Bethesda Naval Hospital
The letters of this chapter tell about our seven-and-a-half-month experience in our first duty post—the Navy’s finest hospital, in Bethesda, Maryland. The doctors and nurses were the best the service could muster, and many of our patients were high-level military or political figures. As comfortable as we felt within the confines of the tour of duty at the Bethesda Naval Hospital, there was always an uneasiness about how long we would remain there. The military grapevine generally kept us informed about the status of things in Korea. We heard that the war had become positional— that is, our troops and the enemy’s troops were dug in, skirmishing with each other on a main line of resistance.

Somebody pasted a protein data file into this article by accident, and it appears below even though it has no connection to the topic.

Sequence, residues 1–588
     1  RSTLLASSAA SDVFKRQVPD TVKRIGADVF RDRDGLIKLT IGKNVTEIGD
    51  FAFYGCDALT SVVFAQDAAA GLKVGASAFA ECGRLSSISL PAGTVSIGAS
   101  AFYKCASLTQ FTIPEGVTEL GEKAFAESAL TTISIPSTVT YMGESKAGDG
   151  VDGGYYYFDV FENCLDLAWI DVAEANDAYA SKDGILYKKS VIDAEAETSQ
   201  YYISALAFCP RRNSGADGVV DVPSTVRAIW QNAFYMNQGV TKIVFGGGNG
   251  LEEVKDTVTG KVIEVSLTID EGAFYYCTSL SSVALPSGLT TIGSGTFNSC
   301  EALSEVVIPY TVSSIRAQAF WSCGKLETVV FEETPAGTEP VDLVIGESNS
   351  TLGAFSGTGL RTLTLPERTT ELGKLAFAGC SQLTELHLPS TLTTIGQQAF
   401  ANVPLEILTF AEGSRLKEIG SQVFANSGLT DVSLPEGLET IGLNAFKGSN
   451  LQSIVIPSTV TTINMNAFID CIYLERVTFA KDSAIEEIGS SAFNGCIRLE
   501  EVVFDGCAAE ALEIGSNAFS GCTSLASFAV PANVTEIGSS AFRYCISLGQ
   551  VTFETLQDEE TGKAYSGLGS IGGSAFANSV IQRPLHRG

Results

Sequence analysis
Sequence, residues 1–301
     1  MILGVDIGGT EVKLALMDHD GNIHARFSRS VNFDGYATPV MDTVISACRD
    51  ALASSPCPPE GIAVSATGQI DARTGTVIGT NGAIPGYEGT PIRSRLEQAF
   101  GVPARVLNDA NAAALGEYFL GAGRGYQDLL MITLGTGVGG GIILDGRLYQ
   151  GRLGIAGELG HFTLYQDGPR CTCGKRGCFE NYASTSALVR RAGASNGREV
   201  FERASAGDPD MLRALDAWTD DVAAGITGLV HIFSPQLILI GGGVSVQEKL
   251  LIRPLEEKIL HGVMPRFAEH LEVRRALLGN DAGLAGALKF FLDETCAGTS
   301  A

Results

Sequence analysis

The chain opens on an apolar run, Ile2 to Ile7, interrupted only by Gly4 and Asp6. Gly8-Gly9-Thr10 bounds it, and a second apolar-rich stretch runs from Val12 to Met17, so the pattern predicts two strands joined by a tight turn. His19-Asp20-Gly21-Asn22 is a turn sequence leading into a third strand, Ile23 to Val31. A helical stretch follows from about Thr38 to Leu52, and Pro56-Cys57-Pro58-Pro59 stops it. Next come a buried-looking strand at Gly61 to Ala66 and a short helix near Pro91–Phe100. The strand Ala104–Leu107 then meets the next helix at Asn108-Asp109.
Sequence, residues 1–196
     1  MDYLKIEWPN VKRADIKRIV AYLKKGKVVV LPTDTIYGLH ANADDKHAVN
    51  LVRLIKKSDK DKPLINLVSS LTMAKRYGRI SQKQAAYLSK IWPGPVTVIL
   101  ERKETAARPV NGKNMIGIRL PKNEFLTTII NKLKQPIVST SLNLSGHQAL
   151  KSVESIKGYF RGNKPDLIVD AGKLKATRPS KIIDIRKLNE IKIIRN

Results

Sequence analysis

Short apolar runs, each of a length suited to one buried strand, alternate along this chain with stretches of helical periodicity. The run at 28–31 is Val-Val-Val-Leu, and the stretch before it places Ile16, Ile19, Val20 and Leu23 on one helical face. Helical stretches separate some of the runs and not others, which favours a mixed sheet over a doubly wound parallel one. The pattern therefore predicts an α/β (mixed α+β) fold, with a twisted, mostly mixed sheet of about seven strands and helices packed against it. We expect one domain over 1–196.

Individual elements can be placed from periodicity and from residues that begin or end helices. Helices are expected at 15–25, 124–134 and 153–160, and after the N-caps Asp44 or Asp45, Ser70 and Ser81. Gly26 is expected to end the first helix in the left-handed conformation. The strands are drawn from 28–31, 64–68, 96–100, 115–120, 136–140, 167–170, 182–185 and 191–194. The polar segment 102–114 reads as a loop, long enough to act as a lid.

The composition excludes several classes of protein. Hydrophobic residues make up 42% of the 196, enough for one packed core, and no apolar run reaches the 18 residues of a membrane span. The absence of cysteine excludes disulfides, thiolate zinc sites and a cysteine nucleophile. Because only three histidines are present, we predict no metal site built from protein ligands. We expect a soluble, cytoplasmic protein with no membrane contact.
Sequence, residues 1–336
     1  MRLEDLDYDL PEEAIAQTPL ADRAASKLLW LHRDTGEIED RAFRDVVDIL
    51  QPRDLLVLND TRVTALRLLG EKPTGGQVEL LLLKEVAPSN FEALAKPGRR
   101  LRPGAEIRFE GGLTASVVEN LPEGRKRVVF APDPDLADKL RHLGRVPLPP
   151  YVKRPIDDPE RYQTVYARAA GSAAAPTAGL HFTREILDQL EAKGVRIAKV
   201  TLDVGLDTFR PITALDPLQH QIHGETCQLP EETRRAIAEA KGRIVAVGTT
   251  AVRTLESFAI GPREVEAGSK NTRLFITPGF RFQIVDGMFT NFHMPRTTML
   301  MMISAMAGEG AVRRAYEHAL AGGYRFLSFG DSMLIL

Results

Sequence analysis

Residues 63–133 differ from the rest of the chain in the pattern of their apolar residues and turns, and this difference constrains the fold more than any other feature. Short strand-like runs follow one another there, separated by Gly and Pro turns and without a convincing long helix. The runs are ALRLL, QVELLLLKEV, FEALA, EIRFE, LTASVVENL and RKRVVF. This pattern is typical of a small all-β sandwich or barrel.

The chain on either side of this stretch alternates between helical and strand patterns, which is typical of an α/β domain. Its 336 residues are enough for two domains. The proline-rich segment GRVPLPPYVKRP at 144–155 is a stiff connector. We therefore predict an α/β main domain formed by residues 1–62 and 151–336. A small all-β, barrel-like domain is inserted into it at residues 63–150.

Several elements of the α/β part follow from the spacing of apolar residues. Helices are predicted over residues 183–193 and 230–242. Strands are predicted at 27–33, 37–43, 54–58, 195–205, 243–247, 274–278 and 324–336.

The Korean positional war was like a throwback to the western front of World War I rather than a successor to World War II, in the static quality of the battlefield, the defense in depth with its barbed wire and intricate series of trenches, the accent on artillery and mortar fire, and the everlasting patrols and raids. No matter how cautious the commanders were in risking lives, enemy artillery and mortar fire often found their targets, and enemy ambushes and probes caused the list of dead and wounded to mount. The fact that there was deadlock at the truce negotiations at Panmunjom and stalemate at the front was not encouraging.